As for why the riots came to a close, officers being made available in large numbers through Mutual Aid, some 16,000 in London alone, now appears to have been the principle deterrent to those thinking of returning to the streets for another night of disorder.

Proposed cuts to police numbers in this respect need to keep this in view – financial circumstances make cuts necessary but not at the expense of our ability to raise large numbers should the need arise.

The tragic deaths of the three men on Dudley Road, Birmingham, similarly arrested the further development of the riots, accompanied as they were by the impassioned appeal for calm of Tariq Jahan, father of one of those lost.

The riots, already sinister in tone, had taken on a direction that even those originally enthusiastic about the looting seemed reluctant to follow.

A year seems like a long time but as I’ve said, looking back it’s hard to believe that twelve months now stand between today and those chaotic, hellish scenes.

The need to maintain a visible, believable presence, alongside an ability to rapidly respond to incidents before they are able to escalate, will likely be the key elements in preventing a repeat of history and I think are some of the most important considerations to take from the riots.

Whilst the riots thankfully reached their conclusion after a few long days, a conclusion is yet to be reached on their legacy, with this anniversary reminding us that time does not heal all wounds.

The IPCC, for example, is yet to report on Mark Duggan’s death and investigations are ongoing to identify outstanding rioters with Operation View still yielding results in the West Midlands.

We have the flexibility in our structure and the quality in our people to deal with situations such as those seen during last August.

The real measure of our response to the riots will come not on this anniversary but in ten, twenty or thirty years time – should those decades pass without a repeat of the 2011 riots then we’ll know the steps we took away from Tottenham were steps taken in the right direction.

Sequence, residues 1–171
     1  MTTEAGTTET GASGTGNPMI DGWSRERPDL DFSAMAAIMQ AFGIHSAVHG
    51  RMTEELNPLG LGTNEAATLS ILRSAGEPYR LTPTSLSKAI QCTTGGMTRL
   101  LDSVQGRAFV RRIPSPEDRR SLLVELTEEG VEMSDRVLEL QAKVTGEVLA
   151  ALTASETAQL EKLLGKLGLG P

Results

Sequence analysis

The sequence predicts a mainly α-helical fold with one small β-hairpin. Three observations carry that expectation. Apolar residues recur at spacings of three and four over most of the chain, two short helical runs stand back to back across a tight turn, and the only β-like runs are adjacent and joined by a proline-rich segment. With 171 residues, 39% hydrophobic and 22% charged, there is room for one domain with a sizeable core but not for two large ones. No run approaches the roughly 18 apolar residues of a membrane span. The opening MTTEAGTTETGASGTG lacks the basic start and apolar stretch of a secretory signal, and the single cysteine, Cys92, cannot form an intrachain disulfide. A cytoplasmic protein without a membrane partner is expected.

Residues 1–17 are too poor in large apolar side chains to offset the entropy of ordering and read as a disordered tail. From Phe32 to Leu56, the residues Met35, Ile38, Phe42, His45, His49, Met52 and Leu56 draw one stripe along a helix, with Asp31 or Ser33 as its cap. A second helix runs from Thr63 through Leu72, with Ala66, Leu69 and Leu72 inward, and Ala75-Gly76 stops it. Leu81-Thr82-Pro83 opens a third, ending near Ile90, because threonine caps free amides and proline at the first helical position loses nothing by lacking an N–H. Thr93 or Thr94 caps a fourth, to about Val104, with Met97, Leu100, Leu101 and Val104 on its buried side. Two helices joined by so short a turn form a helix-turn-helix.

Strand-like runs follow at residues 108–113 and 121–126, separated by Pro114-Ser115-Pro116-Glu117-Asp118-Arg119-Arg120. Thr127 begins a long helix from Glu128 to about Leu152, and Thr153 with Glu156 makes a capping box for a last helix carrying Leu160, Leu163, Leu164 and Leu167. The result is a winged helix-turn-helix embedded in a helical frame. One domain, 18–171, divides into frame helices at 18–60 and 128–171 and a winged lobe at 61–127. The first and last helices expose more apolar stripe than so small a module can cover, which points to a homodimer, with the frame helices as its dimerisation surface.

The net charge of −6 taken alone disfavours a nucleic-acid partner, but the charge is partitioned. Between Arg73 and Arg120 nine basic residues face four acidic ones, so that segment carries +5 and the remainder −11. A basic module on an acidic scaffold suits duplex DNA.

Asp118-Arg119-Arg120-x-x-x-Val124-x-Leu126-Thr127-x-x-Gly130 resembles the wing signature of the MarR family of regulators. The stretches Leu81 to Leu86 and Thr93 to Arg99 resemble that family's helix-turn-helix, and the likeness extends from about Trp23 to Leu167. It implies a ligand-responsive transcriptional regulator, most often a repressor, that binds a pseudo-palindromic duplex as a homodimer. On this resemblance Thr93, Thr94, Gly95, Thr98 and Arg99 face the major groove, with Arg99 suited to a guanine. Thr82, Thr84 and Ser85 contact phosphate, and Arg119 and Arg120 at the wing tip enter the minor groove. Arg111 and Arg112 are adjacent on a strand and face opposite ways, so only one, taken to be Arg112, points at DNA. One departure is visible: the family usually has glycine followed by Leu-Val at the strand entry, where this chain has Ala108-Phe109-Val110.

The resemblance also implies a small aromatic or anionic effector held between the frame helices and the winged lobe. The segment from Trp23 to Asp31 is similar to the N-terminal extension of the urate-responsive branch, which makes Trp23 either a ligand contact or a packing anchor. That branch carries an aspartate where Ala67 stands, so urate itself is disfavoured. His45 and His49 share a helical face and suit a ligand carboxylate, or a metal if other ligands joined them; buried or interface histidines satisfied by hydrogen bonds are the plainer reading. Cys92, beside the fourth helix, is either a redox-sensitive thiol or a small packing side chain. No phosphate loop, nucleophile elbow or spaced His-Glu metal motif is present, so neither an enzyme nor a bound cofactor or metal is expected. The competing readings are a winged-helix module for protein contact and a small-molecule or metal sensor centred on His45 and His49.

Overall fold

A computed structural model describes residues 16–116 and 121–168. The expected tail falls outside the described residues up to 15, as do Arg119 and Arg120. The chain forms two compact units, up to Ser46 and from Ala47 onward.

Olympics update – apologies for the lack of blogs over the past few weeks, I’d been down in London helping Lord Coe out at the games. I’m looking at putting a blog together about the experience of living and working in the capital just as soon as the games themselves draw to a close – highlights include the torch relay, Team USA and Wimbledon so stay tuned!.

Autumn is come to my hometown…

As seen from the Chester Road, the Autumn sun rising on Tuesday morning. Photo taken by Brownhills Bob, please click above to see his excellent Brownhills Blog.

First of all, with us still hanging on to the last few hours of August I’m a little uncomfortable with heralding the coming of Autumn however it seems I’m one of the few who are of this opinion and so here we are, a quick blog looking back over the past few months and ahead to the future.

When I mention the ‘past few months’, I’m thinking of little else than the disorder we saw in Birmingham, Wolverhampton and West Bromwich. Sure, I could mention the occasional sunny day that represented the slim efforts of this year’s Summer but they were completely overshadowed by the events of those few days in August.

Nobody could have seen it coming and we as a force, along with forces up and down the country, had to rapidly adapt to the situation and take the steps necessary to quell the disorder and restore peace to the streets. Public support was crucial to our success and meant the world to the officers who were out in the riot vans, in the operation centres and performing a thousand other less visible but still crucial roles.

We’re currently in the process of reviewing our response to the disorders and are working our way towards compiling a report that will be presented to the Chief Constable highlighting both developmental issues and the many examples of good practice that came to light.